Sexual Material – None, save for Olaf’s attempt at a sham marriage to Violet, which includes modest, nonsexual touching and leads to a comment by Olaf regarding the wedding night. While it will go over the heads of young readers, adults will be able to read between the lines and know exactly what he’s referring to. (Nothing happens between Olaf and Violet, of course, but it’s worth mentioning anyway.) One of the members of Olaf’s troupe is androgynous but nothing is made regarding the character’s actual sexual orientation. Similarly, Olaf disguises himself as a woman in one of the books, but the purpose is just to hide his true identity so he can’t be recognized, not to be transgender.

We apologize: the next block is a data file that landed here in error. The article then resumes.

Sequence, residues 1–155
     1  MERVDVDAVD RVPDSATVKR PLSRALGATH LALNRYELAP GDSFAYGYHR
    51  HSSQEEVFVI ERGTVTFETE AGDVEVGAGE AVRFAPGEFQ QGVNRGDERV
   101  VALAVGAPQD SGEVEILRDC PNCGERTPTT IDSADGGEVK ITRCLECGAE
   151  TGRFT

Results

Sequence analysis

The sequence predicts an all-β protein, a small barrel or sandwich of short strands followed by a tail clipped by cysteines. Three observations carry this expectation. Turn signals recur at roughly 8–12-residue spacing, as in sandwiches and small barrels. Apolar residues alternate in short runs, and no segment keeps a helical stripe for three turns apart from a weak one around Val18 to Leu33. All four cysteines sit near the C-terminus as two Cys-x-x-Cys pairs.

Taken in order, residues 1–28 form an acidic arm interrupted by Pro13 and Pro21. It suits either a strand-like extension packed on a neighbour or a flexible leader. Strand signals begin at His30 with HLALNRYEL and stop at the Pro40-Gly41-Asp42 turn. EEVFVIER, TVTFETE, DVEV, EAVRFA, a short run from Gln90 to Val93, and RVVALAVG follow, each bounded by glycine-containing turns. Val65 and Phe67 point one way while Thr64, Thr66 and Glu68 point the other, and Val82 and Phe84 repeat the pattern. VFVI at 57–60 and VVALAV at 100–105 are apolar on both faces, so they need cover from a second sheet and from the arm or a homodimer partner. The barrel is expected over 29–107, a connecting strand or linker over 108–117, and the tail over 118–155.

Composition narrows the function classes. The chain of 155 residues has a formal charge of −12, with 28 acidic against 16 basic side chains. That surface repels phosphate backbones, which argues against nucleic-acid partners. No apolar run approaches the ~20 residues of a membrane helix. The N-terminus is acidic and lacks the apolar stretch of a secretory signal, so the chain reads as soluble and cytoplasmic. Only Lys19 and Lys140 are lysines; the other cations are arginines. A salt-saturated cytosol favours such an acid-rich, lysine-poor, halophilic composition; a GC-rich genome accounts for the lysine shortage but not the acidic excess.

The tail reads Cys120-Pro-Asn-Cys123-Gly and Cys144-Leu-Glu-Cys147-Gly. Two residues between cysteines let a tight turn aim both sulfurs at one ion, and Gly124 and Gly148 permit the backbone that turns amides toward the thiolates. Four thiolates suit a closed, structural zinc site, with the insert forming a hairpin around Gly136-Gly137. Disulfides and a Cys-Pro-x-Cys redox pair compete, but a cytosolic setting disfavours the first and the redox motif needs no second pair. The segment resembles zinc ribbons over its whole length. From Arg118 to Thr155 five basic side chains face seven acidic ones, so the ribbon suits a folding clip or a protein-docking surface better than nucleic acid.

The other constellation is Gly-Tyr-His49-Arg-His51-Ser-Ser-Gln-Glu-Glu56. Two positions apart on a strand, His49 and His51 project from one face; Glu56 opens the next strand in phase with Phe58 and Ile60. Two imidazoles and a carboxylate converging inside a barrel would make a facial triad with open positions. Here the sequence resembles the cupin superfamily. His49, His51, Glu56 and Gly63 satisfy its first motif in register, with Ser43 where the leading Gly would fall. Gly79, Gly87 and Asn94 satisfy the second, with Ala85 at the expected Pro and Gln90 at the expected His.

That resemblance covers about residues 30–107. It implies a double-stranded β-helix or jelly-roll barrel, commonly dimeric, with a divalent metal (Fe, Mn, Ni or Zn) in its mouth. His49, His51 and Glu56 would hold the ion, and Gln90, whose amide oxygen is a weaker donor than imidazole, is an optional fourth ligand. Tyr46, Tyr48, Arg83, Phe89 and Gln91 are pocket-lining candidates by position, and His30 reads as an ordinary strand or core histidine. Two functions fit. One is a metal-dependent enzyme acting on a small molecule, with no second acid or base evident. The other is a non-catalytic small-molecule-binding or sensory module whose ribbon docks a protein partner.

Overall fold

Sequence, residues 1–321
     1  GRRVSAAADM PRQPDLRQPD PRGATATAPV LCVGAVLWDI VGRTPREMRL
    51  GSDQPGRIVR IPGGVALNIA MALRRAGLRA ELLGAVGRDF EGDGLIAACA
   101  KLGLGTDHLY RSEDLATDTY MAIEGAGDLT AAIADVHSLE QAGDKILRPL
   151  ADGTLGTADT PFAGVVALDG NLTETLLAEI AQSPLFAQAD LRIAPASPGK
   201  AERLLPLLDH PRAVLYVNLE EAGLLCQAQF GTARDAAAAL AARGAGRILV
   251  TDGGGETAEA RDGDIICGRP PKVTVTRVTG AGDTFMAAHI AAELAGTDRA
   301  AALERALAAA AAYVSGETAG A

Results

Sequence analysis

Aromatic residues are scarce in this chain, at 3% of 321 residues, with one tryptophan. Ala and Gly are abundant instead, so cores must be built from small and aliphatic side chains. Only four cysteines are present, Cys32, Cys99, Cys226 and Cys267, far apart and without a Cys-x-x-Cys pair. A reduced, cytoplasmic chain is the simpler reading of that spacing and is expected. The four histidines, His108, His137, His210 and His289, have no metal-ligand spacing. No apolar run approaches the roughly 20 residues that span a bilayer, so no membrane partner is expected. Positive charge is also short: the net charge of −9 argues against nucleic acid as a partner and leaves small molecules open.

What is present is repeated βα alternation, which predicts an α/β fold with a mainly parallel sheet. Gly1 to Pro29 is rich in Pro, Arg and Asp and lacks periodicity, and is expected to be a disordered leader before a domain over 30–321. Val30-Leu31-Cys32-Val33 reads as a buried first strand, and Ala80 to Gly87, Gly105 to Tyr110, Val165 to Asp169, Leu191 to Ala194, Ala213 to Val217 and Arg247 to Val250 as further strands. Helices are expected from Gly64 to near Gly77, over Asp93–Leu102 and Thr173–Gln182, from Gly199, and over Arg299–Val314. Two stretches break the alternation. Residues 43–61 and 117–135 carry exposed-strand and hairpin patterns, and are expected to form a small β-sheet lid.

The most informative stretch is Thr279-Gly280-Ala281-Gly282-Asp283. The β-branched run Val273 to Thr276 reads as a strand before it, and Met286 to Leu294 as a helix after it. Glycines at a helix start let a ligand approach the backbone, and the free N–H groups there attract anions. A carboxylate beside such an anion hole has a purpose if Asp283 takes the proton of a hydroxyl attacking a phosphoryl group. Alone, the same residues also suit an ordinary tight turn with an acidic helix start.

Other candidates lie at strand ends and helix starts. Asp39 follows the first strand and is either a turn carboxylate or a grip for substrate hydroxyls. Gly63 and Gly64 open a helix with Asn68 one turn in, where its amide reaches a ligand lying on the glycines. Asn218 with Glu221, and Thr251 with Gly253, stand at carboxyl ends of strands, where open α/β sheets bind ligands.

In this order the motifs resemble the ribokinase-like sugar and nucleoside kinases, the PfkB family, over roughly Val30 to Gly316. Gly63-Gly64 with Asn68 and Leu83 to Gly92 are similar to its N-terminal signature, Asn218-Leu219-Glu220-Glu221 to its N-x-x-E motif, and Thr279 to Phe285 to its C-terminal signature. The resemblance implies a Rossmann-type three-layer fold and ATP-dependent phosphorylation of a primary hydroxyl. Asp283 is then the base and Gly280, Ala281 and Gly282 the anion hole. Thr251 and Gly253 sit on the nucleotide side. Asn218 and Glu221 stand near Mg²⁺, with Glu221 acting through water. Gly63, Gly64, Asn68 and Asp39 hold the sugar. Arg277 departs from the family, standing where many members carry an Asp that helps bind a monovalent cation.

Overall, A Series of Unfortunate Events starts off with an interesting, albeit dismal, premise and features a trio of strong, smart, noble protagonists who are easy to cheer for. Furthermore, the illustrations are tastefully done and the hardcover editions of the books are eye-catching. But while the episodic plotting works in the earlier books, it waxes predictable later on. The final novel is easily the most disappointing of the lot as many of the series’ mysteries are still left unsolved. Thus, if you’re looking for some reads with which to pass the time, these books are decent speedy picks and will probably satisfy. But due to their depictions of abuse and focus on depressing circumstances, they’re not for everyone. Hence, I will impart an advisory: discretion and serious consideration need to be employed if deciding to give these books to a child (or to anyone) who is prone to depression or may have experienced or witnessed abuse or neglect as such tones and themes are employed and depicted in all thirteen novels. Thus, A Series of Unfortunate Events might not be everyone’s cup of reading tea.